How hard is it today to do things on your own? If you invest time and money in releasing a record on your own do you get back that which you invested?
-Recording an album, alone, is really difficult. Chances are, when you are a self-financed group, that you will not get back the money that was invested. The rise of a band doesn’t only require an album. It requires rehearsal, live concerts, merchandise…As far as time, you can never get back but why would you if the outcome is so rewarding? When you have a label to back you up and publicity then yes you have a chance to get back what you once invested. After our release of our full length album we will be able to answer this clearer.

What has been the greatest reward so far being a member of U.N.S.I.N.?
-We all communicate real well and so even more so through the music. When our new material is heard and response so far have been so great and flattering, that is our reward. That means, for us, that the job we set out to do has been done right.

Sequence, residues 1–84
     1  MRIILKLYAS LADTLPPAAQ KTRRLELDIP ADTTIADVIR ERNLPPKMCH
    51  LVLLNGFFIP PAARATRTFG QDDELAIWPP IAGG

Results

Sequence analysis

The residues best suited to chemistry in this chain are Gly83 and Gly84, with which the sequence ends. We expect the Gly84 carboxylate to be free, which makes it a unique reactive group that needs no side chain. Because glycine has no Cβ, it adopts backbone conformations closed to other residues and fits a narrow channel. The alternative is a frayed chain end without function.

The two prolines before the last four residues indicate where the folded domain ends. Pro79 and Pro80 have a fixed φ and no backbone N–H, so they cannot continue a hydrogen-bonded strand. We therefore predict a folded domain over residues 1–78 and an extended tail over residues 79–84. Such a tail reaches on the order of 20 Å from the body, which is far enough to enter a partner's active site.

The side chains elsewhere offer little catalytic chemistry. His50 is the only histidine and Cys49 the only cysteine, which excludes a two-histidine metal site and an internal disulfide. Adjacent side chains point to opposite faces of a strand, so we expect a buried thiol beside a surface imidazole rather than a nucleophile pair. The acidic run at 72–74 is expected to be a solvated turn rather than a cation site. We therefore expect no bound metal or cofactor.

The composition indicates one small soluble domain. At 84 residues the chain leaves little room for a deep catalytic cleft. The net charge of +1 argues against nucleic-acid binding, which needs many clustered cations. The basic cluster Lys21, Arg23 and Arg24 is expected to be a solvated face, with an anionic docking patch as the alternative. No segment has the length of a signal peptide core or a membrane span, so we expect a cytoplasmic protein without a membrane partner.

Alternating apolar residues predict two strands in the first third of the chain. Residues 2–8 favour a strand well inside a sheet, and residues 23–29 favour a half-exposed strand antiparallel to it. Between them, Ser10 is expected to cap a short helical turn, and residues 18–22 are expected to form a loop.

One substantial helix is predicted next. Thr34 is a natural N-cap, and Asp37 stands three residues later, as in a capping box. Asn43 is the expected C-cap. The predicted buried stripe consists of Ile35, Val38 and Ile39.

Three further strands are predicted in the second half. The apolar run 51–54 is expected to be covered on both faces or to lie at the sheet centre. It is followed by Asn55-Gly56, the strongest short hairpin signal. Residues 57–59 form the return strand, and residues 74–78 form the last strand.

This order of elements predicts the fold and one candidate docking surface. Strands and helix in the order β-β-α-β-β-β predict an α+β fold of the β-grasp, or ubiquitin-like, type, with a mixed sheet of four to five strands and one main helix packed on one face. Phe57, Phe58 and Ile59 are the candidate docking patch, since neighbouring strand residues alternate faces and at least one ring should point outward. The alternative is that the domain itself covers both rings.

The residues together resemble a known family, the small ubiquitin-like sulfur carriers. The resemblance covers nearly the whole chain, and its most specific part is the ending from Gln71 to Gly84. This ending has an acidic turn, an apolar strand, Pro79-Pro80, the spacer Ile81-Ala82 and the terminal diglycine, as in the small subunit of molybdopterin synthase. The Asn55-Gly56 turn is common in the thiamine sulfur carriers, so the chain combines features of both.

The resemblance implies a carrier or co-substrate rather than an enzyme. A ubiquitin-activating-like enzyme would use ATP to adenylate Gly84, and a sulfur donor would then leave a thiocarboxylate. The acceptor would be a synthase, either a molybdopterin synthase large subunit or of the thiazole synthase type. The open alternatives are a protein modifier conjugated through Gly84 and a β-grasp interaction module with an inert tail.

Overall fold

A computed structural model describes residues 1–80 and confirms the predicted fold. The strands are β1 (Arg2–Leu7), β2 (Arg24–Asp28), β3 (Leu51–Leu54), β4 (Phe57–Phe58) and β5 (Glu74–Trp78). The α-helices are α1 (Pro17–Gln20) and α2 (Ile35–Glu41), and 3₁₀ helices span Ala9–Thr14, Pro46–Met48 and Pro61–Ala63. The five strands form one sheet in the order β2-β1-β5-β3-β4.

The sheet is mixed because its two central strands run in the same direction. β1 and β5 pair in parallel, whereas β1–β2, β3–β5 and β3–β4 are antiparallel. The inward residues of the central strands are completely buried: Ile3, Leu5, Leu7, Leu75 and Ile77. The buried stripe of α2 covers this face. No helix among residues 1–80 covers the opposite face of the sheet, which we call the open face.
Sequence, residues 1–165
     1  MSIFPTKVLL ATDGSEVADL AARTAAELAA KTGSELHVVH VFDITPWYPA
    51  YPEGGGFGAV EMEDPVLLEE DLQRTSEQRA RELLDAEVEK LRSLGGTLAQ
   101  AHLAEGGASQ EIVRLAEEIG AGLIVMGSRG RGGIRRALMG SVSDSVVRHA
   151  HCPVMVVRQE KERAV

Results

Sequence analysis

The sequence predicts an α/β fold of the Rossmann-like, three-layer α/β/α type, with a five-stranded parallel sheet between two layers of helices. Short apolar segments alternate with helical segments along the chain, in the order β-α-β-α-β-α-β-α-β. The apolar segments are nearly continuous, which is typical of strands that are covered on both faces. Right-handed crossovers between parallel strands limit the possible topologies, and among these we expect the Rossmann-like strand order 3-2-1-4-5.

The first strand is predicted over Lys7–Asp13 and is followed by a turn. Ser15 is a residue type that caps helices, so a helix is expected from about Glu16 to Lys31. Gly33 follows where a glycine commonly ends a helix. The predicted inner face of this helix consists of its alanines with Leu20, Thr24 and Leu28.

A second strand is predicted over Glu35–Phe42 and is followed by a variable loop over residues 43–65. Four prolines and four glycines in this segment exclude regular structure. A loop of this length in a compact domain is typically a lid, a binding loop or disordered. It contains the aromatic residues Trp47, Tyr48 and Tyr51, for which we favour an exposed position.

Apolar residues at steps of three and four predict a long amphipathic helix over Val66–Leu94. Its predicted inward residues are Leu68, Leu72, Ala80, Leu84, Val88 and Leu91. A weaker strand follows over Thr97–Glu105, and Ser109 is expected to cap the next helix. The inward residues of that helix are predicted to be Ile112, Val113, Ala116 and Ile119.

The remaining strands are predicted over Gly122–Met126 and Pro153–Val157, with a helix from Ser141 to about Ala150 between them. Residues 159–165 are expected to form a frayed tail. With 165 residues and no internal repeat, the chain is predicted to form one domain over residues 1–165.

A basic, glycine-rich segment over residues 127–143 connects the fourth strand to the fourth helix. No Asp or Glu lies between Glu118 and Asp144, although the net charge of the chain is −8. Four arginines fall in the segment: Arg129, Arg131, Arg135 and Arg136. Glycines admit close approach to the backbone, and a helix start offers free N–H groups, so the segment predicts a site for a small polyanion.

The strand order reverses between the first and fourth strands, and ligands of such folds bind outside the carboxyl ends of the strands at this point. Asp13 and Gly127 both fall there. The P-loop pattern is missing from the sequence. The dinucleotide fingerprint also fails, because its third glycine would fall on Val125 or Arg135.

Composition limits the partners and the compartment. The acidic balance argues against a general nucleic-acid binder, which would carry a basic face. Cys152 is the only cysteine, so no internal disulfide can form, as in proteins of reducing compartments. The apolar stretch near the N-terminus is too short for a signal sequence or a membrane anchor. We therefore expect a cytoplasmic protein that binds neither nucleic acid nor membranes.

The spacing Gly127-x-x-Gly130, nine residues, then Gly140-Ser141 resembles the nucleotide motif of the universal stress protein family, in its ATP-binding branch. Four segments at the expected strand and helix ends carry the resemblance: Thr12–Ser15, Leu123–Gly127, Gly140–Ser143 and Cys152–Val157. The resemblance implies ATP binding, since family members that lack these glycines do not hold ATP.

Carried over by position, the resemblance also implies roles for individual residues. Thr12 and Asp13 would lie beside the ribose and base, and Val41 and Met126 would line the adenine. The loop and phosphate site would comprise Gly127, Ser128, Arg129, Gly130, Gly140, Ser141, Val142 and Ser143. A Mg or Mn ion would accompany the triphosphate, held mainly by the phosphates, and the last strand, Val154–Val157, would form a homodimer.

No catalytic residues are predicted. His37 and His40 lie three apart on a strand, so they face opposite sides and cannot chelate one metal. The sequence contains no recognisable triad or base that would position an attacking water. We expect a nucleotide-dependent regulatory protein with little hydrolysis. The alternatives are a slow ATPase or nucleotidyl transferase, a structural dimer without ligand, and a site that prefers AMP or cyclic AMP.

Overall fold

What grand plans for the band does the future hold?
-Right now we are concentrating on the completion of this long awaited album. Our one year absence and the line-up changes have brought us back but we are hanging in there ready to make our mark again. We’re planning to play at some festivals this summer, here in Greece. This will be a very productive and full summer for U.N.S.I.N.

CARMEN GRAY “Gates Of Lonliness”

“Gates of Lonliness”
(Gray Records)
OK, so we have another Finnish chart breaker to contend with. There seem to an endless stream of these kinds of Finnish bands that we rarely get to hear of outside of Finland. Maybe it is just me that don’t know where to stick my ear. Having already released an album that I missed out on I have no idea what this band is all about. And my first impression is that this is like Aerosmith or Cinderella or any other American band from 1976-86. Not your typical big hair, big choruses kind of band then. Add bands like Tyketto, Posion and and any other assorted band that let go of the hairspray and went for the music alone and you pretty much get the picture Carmen Gray paints. A nice break from all the high pitched, ball busting 80s glam thing that seem to be happening again. Anders Ekdahl